8341567Running InterferenceElley Arden

I don’t know if there’s something about the writing or my reluctance to read second-chance stories, but this one is slow going. I was really excited about the prospect to read about a world in which a women’s professional football league existed, but the other stuff is not making me anxious to pick it back up.

Getting InsideSerena Bell

Okay, maybe what’s really going on is that there’s too much football in my life right now.

The Perfect Play, Jaci Burton

Or maybe not because I was going at this one like gangbusters until I got distracted by Don, Cosmo and Kathy. (Also, see that cover? I bought that one in print.)

Picking Up Soon

30251383Hidden FiguresMargot Lee Shetterly

 I haven’t forgotten about this one, but I’ve been out of the nonfiction mood.

Joyride, Jackson Lanzing et al

I need to get back into comics. This one looks hella fun.

Moon Girl and Devil Dinosaur Vol. 2, Amy Reeder et al

Luella is my must-buy trade girl. I can’t wait to sit down and savor it.

The Bloody Chamber and Other Stories, Angela Carter

I’m doing a group read of this with some of the folks at WWAC, and I finally got it from the library. I think I’m really only going to do one at a time, so I had better get started!


Also, because this is going to be available this week!


And now I’m going to go finish reading all that magical fanfiction and get lost in the Tucson Festival of Books panel schedule. Sweet Christmas.

Ending on a high note: Favorites 2016

We’re coming upon the end of 2016, and with it, the one-year anniversary of my return to blogging. After about a month of writing on my old blogger site, I transferred everything over here to Books and Beethoven and determined that I was going to write more about both reading and music, which each hold high points in my life.

I lost momentum over the summer, but I’m determined to try again—new year, new me and all that. I started using a planner, and I’ve got a great Trello board for all of my writing plans.

I can do this.

Earlier today, Sarah asked the BR blog support group what our blog resolutions were, and I really had to think about goals that I might actually be able to keep up with. (If you remember, I wrote a whole post about goals for October, and then didn’t write anything until the end of November…)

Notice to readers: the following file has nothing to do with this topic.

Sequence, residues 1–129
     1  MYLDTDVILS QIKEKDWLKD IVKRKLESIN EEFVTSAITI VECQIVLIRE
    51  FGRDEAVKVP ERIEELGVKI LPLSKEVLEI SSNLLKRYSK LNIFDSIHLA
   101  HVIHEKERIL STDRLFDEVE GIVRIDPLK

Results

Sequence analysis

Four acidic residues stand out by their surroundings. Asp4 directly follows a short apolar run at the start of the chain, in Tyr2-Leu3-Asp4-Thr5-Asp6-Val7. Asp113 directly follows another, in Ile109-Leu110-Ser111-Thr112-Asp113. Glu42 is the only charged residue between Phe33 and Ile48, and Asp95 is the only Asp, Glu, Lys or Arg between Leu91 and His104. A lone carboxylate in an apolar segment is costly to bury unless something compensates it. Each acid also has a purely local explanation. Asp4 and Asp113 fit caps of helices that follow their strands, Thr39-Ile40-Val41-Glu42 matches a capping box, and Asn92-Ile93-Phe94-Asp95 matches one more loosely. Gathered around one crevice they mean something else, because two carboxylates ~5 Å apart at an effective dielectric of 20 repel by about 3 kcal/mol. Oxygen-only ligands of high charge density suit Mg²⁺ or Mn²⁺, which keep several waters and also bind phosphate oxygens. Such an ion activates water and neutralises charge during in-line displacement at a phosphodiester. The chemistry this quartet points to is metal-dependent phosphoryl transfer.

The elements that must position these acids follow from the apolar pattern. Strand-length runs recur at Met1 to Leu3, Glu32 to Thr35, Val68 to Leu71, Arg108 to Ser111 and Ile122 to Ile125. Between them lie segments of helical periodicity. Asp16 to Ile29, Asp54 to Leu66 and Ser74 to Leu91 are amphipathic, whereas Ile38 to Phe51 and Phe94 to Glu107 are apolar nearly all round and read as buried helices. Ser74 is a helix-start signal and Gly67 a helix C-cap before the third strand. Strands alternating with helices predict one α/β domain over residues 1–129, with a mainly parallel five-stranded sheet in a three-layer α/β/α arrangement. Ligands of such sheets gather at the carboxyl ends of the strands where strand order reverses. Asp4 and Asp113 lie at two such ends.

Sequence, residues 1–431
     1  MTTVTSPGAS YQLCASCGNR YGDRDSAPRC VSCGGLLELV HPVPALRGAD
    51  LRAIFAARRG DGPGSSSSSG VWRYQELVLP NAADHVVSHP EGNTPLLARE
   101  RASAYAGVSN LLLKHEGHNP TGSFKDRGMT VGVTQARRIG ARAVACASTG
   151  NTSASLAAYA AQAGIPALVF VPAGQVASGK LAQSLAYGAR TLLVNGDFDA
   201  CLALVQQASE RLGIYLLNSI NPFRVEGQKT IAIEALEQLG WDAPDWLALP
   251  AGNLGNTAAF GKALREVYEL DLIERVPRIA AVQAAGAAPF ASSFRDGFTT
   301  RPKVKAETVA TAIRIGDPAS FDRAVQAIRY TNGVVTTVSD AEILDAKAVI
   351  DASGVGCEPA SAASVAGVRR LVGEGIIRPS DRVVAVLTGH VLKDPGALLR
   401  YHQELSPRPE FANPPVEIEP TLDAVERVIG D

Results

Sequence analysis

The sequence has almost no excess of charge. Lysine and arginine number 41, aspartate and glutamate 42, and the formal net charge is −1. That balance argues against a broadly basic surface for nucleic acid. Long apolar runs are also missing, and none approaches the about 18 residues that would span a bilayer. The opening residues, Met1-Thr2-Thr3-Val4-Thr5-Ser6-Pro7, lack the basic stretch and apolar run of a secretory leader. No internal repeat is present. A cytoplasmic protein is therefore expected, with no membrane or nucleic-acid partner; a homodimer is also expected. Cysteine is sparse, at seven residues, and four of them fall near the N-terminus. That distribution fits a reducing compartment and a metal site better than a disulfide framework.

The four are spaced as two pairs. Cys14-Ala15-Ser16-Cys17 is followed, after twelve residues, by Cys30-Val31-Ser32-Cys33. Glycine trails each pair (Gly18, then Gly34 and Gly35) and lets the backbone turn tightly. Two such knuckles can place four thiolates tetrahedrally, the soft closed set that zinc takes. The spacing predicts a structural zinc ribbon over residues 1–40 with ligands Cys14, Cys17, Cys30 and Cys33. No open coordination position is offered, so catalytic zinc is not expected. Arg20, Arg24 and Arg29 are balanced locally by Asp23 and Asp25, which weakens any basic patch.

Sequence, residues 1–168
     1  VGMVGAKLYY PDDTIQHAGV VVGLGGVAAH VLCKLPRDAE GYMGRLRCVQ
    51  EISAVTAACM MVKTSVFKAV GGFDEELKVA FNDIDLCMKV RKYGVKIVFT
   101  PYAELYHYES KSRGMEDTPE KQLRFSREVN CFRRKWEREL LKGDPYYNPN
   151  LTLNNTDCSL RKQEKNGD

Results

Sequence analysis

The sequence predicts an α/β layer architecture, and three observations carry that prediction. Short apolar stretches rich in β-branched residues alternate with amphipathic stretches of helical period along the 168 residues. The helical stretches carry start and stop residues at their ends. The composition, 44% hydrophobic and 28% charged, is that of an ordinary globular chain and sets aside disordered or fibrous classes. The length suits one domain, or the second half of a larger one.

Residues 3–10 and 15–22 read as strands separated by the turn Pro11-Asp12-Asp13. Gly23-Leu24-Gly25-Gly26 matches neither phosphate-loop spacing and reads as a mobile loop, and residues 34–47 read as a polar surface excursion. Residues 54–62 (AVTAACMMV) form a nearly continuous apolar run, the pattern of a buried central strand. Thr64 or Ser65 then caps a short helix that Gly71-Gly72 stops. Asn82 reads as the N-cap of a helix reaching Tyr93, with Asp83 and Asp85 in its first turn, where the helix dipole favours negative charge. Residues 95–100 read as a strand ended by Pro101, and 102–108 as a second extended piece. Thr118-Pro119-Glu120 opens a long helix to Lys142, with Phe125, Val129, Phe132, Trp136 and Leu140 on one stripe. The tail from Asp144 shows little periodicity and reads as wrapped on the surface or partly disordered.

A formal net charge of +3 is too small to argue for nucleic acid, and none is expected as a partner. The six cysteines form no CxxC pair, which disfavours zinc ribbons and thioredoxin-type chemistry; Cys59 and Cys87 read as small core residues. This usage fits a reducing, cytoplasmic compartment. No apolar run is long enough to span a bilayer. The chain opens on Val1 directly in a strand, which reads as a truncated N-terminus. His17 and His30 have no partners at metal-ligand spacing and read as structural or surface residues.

Here was what I determined:

  1. More straight reviews of books and music
  2. Regular check-ins for Read Harder 2017
  3. Regular check-ins for Read My Own Damn Books 2017
  4. More writing about music as I encounter it

I will try my best to pull that off. If nothing else, monthly check-ins will continue, and random mental meanderings about music and books will come up.

Right. Favorites.

Here are some of my favorites of this year, in books, music, film, and TV. I’ll post a regular December wrap-up in the next few days, but I wanted to get this one out of the way when I was thinking about it.

Favorite Book Published in 2016

the-geeks-guide-to-unrequited-loveHands down, no question:

The Geek’s Guide to Unrequited Love by Sarvenaz Tash.

This book was just adorable and heartwarming. I loved the voice, and the characters, and all of the geeky goodness in this three-day story that takes place over the course of New York Comic Con.

Favorite Backlist Book Read in 2016

Aristotle and Dante Discover the Secrets of the Universe by Benjamin Alire Saenz, narrated by Lin-Manuel Miranda.

I started reading this in 2012 after it started getting peppered with seals from ALA and all the rest of the book people. I got a few pages in and just wasn’t into it. But I needed a book to listen to and this one was available at the library, so I went for it.

What magic I had been missing. Lin-Manuel did a perfect narration, bringing to life the type of prose that I occasionally just don’t process the same when I’m reading it.

Favorite Read Harder Challenge Book